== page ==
A microcontroller is a component which must be programmed in order to do something useful. So here is the hexfile which must be flashed into the microcontroller:

Many microcontrollers have what is called 'Fuse bytes'. In the case of the ATmega8, there are two bytes: The high byte, and the low byte. Those bytes are used to configure some aspects of the microcontroller. What type of clock to use? Crystal? Resonator? Internal RC clock? Allow programming via ISP? It's very important to set the fuses to the right values. Using the wrong values can render your MCU unusable.

For this project, here are the appropriate fuse values:
high byte = 0xc9, low byte = 0x9f

For details about how to program an AVR, visit my AVR programming page.

The source code is released under the GPL license and compiles with avr-gcc. To prevent conflicts, please do not distribute modified version where the USB report descriptor has been modified without replacing the USB Vendor ID and Product ID by yours.

Contact me here (raph@raphnet.net) if you made some interesting improvements.

USB Vendor ID/Product ID pair:
Please do not re-use my VID/PID for derived projects. Please obtain your own numbers (or invent one despite the risks). I bought my IDs from mecanique. They used to sell small chunks of the PID space which was much cheaper than buying a vendor ID from usb.org (2000$ USD)...

File(s)DateDescription
saturn_usb-2.0.tar.gz (66.2 KB)
saturn_usb-2.0.hex (12 KB)
July 14, 2013 Compatiblity improvement:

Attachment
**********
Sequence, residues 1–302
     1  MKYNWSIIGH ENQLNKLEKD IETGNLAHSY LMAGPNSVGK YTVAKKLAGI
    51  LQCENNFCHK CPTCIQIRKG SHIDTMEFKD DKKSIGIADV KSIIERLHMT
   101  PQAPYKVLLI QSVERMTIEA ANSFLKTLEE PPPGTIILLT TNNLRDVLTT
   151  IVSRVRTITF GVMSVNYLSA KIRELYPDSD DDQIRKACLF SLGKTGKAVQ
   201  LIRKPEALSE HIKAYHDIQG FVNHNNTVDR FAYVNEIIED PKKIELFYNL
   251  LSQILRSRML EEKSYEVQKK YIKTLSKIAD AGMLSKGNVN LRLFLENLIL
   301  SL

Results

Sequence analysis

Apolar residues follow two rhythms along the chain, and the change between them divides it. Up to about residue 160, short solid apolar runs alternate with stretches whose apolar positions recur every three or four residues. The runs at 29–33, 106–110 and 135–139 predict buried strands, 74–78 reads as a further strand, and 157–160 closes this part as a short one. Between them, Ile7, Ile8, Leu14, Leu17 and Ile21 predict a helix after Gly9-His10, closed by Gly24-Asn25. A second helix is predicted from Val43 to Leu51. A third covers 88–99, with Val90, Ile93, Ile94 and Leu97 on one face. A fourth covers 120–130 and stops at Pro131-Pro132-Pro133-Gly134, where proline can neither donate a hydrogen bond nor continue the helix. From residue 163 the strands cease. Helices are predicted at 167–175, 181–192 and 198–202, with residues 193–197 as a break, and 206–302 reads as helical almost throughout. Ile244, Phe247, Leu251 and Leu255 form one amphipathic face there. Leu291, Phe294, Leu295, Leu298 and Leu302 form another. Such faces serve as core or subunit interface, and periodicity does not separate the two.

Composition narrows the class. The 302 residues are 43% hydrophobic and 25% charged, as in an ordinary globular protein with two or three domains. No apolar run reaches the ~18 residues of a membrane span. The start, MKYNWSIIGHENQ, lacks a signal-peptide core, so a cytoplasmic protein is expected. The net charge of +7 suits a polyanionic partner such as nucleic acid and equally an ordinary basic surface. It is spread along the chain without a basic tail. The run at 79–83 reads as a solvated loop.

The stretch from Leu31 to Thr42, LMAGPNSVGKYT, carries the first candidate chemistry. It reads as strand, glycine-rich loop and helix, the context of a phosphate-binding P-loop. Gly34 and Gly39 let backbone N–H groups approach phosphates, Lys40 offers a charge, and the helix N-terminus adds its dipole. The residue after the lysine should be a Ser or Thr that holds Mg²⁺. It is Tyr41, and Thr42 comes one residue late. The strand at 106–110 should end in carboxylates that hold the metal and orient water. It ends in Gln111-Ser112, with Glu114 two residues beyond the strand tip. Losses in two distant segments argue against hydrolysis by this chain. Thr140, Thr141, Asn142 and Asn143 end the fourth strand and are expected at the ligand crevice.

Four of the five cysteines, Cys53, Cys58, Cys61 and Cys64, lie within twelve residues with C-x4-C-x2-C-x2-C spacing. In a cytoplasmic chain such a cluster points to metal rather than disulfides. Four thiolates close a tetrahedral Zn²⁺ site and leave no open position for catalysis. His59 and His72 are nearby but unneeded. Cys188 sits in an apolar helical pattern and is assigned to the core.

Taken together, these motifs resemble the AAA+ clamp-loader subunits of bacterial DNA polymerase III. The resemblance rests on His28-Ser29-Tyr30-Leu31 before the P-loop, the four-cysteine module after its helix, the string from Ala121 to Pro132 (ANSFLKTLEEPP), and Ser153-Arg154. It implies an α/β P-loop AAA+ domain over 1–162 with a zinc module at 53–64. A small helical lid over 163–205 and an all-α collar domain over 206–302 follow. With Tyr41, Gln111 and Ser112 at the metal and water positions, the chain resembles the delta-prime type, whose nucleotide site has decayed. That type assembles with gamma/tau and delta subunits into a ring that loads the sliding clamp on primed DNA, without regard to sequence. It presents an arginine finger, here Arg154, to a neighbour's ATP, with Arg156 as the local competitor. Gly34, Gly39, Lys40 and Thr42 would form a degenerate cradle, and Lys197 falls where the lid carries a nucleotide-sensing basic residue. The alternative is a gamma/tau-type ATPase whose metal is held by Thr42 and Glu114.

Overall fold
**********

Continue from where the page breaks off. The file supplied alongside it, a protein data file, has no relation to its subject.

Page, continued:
• Increased compatibility by separating Mouse and Joystick functions. The mouse is detected at powerup. Fixes Linux and MacOS X problems.
saturn_usb-1.1.tar.gz (71.2 KB)
saturn_usb-1.1.hex (11.8 KB)
July 27, 2011
  • Added various mappings for better operation with the PS3. 4 different button configurations, selected by holding specific buttons (ABC) when the adapter gets connected to an USB port, are available. See the button mapping section for details.
saturn_usb-1.0.tar.gz (68.1 KB)
saturn_usb-1.0.hex (11 KB)
July 2, 2011
  • First version. Supports the following peripherals:
    • Standard controller (ABCXYZ, Start, L/R and D-Pad)
    • Analogic controller
    • Mouse
  • GPLv2 license.

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PCB for surface-mount

The surface-mount version uses my Multiuse PCB2 circuit. Here's what it looks like:
Multiuse PCB2:

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Disclaimer

I cannot be held responsible for any damages that could occur to you or your equipment while following the procedures present on this page. Also, I GIVE ABSOLUTELY NO WARRANTY on the correctness and usability of the informations on this page. Please note, however, that the procedures above have worked in my case without any damages or problems.

Now you cannot say that I did not warn you :)

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Copyright © 2002-2014, Raphaël Assénat